Military: The Redcoats of Fenswick are the standard bearers of a proud military legacy that goes back to the 40 years war. The Redcoats are selected from the best applicants, and restricted to those who can claim Fenish ancestry. The Ducal Guard numbers some 70 men. Mages are accepted and generally consist of between 10 to 20 percent of the guard. The Redcoats, as they are popularly known, are stationed in the village of Fenswick and patrol the Duchy and provide security for the local population. At times in its history, the current Duke or Duchess has been known to draw members of the Guard for members of their personal bodyguard. The Fen has a proud military tradition and as they did during the Great War can mobilise up to 25% of their population in case of war. During the great war the Redcoats, and volunteers and draftees from the Duchy formed two Banners of heavy foot and were designated the 2nd and 3rd Banner upon assignment to the 27th Glantrian division (the Fen Division) of reserves. They saw action in the lifting of the siege of Glantri City after having been stationed in Bramyra when Thar invaded.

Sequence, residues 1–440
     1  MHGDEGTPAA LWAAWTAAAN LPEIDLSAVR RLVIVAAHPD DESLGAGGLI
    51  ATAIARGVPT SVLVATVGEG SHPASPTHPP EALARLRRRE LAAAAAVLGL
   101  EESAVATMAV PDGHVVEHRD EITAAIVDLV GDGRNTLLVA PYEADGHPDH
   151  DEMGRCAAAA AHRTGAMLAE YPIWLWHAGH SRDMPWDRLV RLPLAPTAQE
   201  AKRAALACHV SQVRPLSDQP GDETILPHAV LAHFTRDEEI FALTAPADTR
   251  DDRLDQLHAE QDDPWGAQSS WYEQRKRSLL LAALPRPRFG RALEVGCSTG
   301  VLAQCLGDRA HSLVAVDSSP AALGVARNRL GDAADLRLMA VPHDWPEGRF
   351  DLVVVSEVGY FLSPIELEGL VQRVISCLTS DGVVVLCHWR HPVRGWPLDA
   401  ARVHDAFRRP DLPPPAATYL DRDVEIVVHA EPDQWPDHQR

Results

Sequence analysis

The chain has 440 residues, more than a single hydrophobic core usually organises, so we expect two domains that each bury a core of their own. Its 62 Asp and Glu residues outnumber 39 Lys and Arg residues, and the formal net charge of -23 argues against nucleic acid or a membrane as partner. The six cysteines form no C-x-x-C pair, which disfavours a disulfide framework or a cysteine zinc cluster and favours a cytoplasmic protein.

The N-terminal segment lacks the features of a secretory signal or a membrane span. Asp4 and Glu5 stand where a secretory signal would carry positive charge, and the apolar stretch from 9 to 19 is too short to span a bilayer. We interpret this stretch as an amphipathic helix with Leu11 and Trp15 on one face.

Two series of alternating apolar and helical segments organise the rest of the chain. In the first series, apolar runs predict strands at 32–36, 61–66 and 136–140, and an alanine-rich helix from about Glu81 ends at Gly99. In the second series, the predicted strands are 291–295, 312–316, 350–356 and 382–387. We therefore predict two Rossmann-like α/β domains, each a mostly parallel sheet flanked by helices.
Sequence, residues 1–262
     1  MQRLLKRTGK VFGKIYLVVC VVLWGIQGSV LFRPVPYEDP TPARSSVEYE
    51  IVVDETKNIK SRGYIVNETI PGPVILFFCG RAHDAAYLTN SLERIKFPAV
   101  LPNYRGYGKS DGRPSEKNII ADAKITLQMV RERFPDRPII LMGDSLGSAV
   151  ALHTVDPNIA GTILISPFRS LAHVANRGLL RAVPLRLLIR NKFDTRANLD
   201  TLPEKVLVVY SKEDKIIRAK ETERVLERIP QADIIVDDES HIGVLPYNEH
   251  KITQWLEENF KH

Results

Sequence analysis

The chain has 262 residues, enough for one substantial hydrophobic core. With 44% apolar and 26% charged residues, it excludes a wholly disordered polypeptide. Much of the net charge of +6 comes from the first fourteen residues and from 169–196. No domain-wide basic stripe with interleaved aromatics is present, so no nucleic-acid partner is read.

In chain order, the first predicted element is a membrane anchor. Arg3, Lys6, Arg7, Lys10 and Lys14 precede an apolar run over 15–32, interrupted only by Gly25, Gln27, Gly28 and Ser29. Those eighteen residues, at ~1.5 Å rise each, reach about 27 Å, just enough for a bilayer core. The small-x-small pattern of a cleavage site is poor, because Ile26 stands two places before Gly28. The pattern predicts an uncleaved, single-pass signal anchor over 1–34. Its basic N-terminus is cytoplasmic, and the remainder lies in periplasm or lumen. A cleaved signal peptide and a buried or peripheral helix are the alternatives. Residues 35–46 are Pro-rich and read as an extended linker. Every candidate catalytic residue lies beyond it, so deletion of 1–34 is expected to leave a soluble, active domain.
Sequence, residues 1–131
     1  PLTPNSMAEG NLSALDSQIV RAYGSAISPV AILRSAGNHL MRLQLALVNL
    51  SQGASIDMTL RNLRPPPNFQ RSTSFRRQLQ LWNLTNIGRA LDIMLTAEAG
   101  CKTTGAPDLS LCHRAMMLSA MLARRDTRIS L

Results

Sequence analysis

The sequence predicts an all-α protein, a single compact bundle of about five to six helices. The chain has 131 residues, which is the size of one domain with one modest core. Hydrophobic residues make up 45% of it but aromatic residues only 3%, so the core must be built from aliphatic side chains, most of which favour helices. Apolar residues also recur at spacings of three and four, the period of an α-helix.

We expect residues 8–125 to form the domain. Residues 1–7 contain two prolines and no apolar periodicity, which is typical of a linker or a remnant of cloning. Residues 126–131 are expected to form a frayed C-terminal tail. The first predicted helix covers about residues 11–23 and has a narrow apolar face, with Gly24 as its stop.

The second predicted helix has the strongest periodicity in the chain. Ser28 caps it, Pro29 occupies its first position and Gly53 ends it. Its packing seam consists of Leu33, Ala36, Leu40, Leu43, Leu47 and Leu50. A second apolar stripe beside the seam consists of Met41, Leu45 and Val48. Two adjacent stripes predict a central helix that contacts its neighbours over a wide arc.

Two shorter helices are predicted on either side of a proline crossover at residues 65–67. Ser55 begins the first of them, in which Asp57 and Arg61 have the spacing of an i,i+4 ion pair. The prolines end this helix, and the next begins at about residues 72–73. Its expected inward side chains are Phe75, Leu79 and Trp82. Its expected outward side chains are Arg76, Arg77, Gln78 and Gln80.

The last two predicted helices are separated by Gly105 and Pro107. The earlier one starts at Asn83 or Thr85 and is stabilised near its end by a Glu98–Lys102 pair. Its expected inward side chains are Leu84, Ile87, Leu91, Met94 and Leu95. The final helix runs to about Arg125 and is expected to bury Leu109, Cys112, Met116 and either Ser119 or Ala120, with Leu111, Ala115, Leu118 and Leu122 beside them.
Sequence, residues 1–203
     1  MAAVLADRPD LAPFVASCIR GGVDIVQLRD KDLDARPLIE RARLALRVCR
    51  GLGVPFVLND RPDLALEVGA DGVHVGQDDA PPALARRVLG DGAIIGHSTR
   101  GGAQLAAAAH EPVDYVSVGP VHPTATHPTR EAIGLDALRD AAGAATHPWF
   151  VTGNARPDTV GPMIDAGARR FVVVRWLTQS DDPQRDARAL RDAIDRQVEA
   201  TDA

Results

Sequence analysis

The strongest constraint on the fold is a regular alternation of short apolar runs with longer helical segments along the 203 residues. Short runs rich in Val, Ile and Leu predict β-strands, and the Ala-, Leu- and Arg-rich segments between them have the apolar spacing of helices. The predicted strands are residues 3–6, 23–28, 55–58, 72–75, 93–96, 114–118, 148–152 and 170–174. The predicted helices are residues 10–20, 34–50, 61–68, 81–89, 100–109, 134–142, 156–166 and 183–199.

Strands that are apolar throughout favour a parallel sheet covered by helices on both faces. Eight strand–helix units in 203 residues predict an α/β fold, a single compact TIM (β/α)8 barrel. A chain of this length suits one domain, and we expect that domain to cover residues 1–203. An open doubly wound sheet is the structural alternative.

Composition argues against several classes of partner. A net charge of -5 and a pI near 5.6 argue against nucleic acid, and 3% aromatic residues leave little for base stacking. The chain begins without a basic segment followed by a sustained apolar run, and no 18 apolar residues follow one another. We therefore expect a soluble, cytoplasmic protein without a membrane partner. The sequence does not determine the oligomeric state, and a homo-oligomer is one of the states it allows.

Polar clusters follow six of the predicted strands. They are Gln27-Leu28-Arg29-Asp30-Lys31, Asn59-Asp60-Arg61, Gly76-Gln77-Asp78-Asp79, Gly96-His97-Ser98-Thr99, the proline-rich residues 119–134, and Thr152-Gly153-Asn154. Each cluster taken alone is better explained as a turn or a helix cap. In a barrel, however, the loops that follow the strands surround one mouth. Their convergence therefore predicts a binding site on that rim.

Food: Deficient. Food, mainly fruits and vegetables, brought to markets in Duchy from outlying free territories.
Trails: The main trail through Skullhorn Pass passes through the region passes just to the north through the Marquisate of Dunvegan. Within Fenswick there are several fair trails to lead from settlements to the Bramyra-Taterhill trail. There is regular riverboat travel between the Capital and the village Doncaster and much stopover from boats going up and down the Vesubian river.